Her hair appeared more or less the same to James, but apparently it was sufficiently repaired for the young woman to give a belated curtsy as she waved off attempts to assist her from other chary partygoers. Her eyes, which James noticed were the deep brown of an old rowan tree, now darted about the ballroom.
“Indeed,” she said in a distracted tone. “I mistook you for someone else.”
James scoffed, silencing himself as best as he was able when that adorable scowl leapt to the young woman’s face once more.
“Have I said something amusing, sir?” she asked, her hands perching on her hips as menacingly as a short young woman could manage.
“Nay, Me Lady, forgive me,” James coughed. “I just find it difficult to believe I was confused with another man in this company.” He swept his outstretched finger across the room, indicating the crowd of identical old Englishmen and ladies. The revelers fervently avoided looking at him, as they had all night, but instead busied themselves with their food, conversation, and what they somehow referred to as dancing.
“It is impolite to point, especially in mixed company,” the girl said, seemingly without thinking. James smiled as he dropped his finger.
As she continued to collect herself, James took an opportunity to inspect the girl for any damage beyond her hair. He could hardly see her limbs beneath the wide panniers of her gown, though he had caught a brief glimpse of a well-turned calf as she scrambled to her feet with ease and haste.
Her red gown had all the hallmarks of the usual English tackiness, though admittedly this small, feminine pugilist wore it better than most. Perhaps it was the way the gown curved invitingly in all the feminine places—though she seemed younger than he, her hips bulged with womanly power, and her…
Be a gentleman, James, he chided himself. Ye’re here for business, nae for oglin’ the Lords’ daughters.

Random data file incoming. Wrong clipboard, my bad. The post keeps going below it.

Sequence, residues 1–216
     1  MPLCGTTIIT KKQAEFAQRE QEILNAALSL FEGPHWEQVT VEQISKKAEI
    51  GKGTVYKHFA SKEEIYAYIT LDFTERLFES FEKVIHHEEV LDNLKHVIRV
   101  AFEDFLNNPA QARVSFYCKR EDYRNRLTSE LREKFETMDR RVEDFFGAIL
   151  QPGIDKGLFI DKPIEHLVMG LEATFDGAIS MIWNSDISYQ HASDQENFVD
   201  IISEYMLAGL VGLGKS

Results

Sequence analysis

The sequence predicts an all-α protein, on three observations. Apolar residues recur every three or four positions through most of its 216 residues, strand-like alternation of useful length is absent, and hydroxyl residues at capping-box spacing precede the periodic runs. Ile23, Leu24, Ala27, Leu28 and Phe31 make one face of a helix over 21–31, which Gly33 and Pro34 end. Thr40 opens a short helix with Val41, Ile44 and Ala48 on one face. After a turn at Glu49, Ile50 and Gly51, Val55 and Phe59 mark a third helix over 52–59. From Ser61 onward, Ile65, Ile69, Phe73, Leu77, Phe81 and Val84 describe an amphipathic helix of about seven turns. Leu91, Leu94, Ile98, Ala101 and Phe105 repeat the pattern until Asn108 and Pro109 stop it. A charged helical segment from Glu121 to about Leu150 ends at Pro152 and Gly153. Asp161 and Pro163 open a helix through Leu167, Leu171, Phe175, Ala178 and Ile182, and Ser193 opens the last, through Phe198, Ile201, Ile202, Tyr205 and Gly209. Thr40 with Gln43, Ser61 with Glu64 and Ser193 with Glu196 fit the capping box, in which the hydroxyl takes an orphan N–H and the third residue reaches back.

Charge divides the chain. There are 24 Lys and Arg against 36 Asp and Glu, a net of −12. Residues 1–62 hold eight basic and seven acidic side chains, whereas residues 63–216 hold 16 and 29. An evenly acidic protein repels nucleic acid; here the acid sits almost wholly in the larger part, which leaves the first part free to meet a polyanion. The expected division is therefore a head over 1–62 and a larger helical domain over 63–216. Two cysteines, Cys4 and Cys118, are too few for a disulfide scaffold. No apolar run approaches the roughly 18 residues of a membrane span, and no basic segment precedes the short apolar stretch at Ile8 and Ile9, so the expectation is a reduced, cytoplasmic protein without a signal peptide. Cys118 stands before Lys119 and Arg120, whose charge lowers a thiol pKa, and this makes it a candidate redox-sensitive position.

Forcing his gaze to ignore the young lady’s dramatic décolletage and move on to her face, he smiled as he noticed the constellations of freckles on her full cheeks.
Though the lass is quite pretty, indeed. Nae like the old boots most of these English tadgers seem to have hidden away.
As his eyes alighted on hers, he saw they were giving him much the same thorough once-over that he had just given her. Then her gaze fell upon his own eyes, and he caught a glimpse of the intense heat that burned at the bottoms of those deep, earthy pools. James blinked, expecting her to avert her eyes from his, but was pleasantly surprised once again at the boldness of this fierce little mouse.
“I—indeed,” she stammered, her fists losing purchase on her hips, eyes softening as they lingered on his. Abruptly, she looked away with a blush. “I fear I was fooled by your appearance at a distance. I was looking for another Scotsman I expected to be in attendance at the ball.”
“Another Scotsman?” he asked, puzzled. Then his memory returned an unpleasant answer. “Ye cannae mean ye are lookin’ for Bal—”
“Do you know Balthazar, then?” she asked, her eyes bright and hands clasped with eagerness. “I mean, Mister Nerwood? Have you seen him here tonight?”
James groaned in frustration.
Nerwood. Of course she’s lookin’ for Nerwood.
“Is there something the matter?” the girl asked, suddenly solicitous.
James laughed bitterly. “Nay, lass, naught is wrong. If it’s Mister Nerwood ye’re seekin’, I’ve a good idea where he can be found.”
“You do? Where?”
“Aye, I saw him just over…” James trailed off, realizing he had little idea how to give directions in this dim, ugly English house. “Well, nae far. Maybe it would be best if I escorted ye to him, then?”
The girl composed herself once again, hands clasping one another like a proper young English lady. In a dispassionate voice she replied, “Thank you, sir, that would be most suitable.”